Sunday, 25 April 2010

Using AND NOT and OR in Lisp

Today's Lisp tutorial looks at using AND NOT and OR in Lisp, but firstly let's have a look at the answer to the challenge set in our last Lisp tutorial Using LET in Lisp:

Write a Lisp function called GUESS, where you try and guess the number thrown by a dice, this will have several parts.This function will randomly choose from 6 possibilities. You call the function with your guess of 1, 2, 3, 4 5 or 6, the function randomly chooses 6 choices and tells you if your guess was right or wrong.

(defun guess (n)
  (let ((dice (+ 1 (random 6))))
    (cond ((equalp dice n )  (list  'you 'guessed 'right 'it 'was dice))
          (t (list 'you 'guessed 'wrong 'it 'was dice)))))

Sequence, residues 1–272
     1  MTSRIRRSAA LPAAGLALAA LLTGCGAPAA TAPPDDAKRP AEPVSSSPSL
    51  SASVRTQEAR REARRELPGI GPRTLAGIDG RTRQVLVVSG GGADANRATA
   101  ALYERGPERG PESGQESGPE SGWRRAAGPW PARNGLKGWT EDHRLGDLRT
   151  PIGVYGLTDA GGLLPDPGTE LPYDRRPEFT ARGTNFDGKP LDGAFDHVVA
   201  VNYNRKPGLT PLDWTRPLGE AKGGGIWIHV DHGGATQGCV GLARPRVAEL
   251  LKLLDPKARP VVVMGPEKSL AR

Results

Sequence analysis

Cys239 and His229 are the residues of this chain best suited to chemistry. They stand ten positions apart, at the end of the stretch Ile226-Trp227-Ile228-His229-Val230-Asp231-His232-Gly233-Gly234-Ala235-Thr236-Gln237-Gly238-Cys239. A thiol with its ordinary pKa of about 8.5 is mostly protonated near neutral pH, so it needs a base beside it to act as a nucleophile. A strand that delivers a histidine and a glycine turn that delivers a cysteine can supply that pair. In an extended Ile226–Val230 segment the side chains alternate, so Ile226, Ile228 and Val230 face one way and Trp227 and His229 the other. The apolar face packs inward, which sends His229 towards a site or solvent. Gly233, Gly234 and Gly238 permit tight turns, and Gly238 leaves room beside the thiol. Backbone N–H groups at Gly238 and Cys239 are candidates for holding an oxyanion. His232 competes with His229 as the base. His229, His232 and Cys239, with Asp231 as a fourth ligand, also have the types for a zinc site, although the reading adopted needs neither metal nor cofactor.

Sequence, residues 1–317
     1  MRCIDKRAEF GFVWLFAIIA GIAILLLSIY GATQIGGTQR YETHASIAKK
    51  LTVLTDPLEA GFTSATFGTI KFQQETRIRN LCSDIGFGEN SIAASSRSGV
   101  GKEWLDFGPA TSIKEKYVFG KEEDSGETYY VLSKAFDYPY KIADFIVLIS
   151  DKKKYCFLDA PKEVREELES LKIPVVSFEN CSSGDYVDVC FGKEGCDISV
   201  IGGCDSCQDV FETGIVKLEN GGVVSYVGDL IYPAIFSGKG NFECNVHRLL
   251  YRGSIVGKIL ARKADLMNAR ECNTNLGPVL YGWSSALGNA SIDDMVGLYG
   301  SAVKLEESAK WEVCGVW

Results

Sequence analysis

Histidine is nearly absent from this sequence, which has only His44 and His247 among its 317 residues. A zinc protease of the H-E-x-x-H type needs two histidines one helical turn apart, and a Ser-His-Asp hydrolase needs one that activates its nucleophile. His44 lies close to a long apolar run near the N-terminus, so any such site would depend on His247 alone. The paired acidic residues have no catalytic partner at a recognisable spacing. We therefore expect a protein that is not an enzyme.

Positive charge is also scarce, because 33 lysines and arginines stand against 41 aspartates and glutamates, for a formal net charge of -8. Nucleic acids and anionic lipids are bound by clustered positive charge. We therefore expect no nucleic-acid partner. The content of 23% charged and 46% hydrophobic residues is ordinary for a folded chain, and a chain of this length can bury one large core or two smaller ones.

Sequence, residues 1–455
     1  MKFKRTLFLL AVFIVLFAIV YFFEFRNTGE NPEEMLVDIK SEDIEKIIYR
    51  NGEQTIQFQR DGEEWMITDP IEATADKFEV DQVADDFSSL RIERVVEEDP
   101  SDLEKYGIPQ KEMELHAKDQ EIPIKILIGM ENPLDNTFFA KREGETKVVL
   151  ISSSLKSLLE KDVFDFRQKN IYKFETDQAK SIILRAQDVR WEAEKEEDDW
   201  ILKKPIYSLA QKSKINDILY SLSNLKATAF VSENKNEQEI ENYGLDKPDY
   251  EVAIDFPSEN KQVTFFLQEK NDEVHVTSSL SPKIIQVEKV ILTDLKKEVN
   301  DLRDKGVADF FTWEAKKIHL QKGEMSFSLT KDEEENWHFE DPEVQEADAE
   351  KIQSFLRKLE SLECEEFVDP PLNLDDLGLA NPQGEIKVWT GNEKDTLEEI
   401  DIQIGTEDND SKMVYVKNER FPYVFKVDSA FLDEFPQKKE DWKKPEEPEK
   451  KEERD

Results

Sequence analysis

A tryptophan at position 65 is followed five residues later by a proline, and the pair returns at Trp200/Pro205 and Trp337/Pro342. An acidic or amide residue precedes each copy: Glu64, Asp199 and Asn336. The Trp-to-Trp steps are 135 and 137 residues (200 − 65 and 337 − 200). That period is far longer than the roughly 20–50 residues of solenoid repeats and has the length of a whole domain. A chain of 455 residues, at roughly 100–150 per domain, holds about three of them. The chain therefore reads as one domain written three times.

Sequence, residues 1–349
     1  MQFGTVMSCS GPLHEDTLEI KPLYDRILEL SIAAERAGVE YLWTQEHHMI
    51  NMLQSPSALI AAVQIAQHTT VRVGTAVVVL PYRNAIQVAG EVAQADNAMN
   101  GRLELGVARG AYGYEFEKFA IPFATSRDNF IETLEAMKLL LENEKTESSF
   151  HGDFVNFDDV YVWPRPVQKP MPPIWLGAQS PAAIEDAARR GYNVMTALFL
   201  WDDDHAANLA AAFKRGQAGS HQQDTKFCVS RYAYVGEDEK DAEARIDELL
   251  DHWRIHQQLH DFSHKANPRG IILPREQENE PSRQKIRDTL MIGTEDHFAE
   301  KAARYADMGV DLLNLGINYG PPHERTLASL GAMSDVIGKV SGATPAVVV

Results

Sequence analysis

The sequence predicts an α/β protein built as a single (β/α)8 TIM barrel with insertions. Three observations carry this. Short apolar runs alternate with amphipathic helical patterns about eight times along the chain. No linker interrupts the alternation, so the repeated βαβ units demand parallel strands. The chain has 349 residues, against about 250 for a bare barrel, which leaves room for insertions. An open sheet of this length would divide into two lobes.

The NOT Predicate in Lisp
We've looked at predicates in Lisp in a previous Lisp tutorial post. Predicates return T or  NIL if the statement is true or false. In Lisp T is true and NIL is false. Using NOT turns T into NIL and NIL into T.

For example using the ZEROP predicate we can test if the number is zero:
(zerop 4)
NIL



(zerop 0)
T


Using NOT we can check to see if a number is not zero:
(not (zerop 4))
T

(not (zerop 0))
NIL

The AND Predicate in Lisp
The AND Predicate in Lisp takes two inputs, both of these must be true for it to evaluate and return T otherwise it returns NIL.
(and (> 6 4) (< 1 3))
T

Here only one of our predicates is true:
(and (numberp 6) (equalp 1 9))
NIL

The OR Predicate in Lisp
The OR Predicate in Lisp returns T if either one or both arguments are true:
(or (numberp 6) (equalp 1 9))
T

(or (> 7 6) (equalp 1 1))
T

Today's Lisp Challenge
Write a function called BETWEEN that takes 3 input arguments N, MIN and MAX. This function tests to see if N is between MIN and MAX.

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